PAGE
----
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Saturday, September 14, 2019

4 Top WiFi Tips for Optimizing Your Home Network

WiFi has become an essential part of modern home technology. Over the last five years, a majority of American households have abandoned landlines and now rely entirely on cell phones for phone communications, according to NPR. Additionally, 43 percent of American workers now work from home at least occasionally, with a growing number working from home full-time, relying on a WiFi connection for their income. Moreover, by 2021, 28 percent of households will be using smart home devices such as Amazon Alexa and Google Assistant to run critical technology such as thermostats and home security systems.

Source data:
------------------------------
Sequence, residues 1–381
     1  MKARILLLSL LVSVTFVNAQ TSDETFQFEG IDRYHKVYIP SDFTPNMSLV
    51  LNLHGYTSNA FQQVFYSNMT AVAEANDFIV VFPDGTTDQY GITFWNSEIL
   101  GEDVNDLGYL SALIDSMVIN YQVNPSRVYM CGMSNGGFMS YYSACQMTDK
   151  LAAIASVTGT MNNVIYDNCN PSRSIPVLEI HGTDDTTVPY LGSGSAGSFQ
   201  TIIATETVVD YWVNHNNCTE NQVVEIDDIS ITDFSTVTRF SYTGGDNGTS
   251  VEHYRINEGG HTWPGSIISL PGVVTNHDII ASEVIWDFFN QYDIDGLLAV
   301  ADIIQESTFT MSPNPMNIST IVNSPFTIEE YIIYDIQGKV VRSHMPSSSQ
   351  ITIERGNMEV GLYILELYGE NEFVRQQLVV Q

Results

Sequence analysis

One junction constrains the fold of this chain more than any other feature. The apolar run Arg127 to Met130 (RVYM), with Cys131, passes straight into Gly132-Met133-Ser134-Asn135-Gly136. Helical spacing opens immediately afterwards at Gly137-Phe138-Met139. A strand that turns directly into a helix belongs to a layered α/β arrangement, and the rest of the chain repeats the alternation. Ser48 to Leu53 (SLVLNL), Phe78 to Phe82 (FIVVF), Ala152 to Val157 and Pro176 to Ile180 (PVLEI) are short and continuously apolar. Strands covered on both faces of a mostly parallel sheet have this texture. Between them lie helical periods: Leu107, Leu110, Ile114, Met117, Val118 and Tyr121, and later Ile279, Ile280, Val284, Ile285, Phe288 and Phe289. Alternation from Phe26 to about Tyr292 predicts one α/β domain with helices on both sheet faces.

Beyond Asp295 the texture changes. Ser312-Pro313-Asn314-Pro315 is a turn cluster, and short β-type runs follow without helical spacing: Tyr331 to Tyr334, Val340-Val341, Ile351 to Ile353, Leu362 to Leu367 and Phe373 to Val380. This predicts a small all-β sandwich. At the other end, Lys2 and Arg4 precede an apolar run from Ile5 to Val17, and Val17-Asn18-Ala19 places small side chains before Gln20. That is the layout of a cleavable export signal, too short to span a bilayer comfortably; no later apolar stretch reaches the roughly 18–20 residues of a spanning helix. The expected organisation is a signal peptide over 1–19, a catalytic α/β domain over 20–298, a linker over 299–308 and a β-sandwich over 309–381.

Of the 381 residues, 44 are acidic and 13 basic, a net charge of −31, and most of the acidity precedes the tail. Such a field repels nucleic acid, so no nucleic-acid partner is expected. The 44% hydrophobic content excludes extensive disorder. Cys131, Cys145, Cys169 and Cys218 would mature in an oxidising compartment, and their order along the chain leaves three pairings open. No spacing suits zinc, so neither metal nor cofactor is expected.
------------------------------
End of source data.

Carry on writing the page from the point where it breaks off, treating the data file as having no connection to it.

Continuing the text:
These trends make having a reliable home WiFi network an absolute priority. Here are four tips to optimize your home’s WiFi network for both personal and business use:

1. Plan for Your Whole Home

In a world where everything is connected, setting up your home for wireless connectivity means planning for a whole house WiFi system, also known as a mesh network. With whole-home WiFi, every room in your home and all devices in your home are within range of your wireless network, with no dead spots. This avoids annoying situations such as having one part of your house where your phone doesn’t work or one device that has an unreliable Internet connection. It can be particularly crucial if you have a home office that is away from your central hub and needs fast connectivity.

An effective way to achieve whole house WiFi connectivity is to supplement your central WiFi hub with satellite nodes stationed at strategic locations throughout your house. For instance, wireless provider Cox supports the use of Panoramic WiFi Pods that can exchange data with your central hub. This delivers the same high-speed connectivity throughout your mesh network, avoiding slow speeds that you would otherwise experience in certain parts of your home.

2. Choose the Right Hardware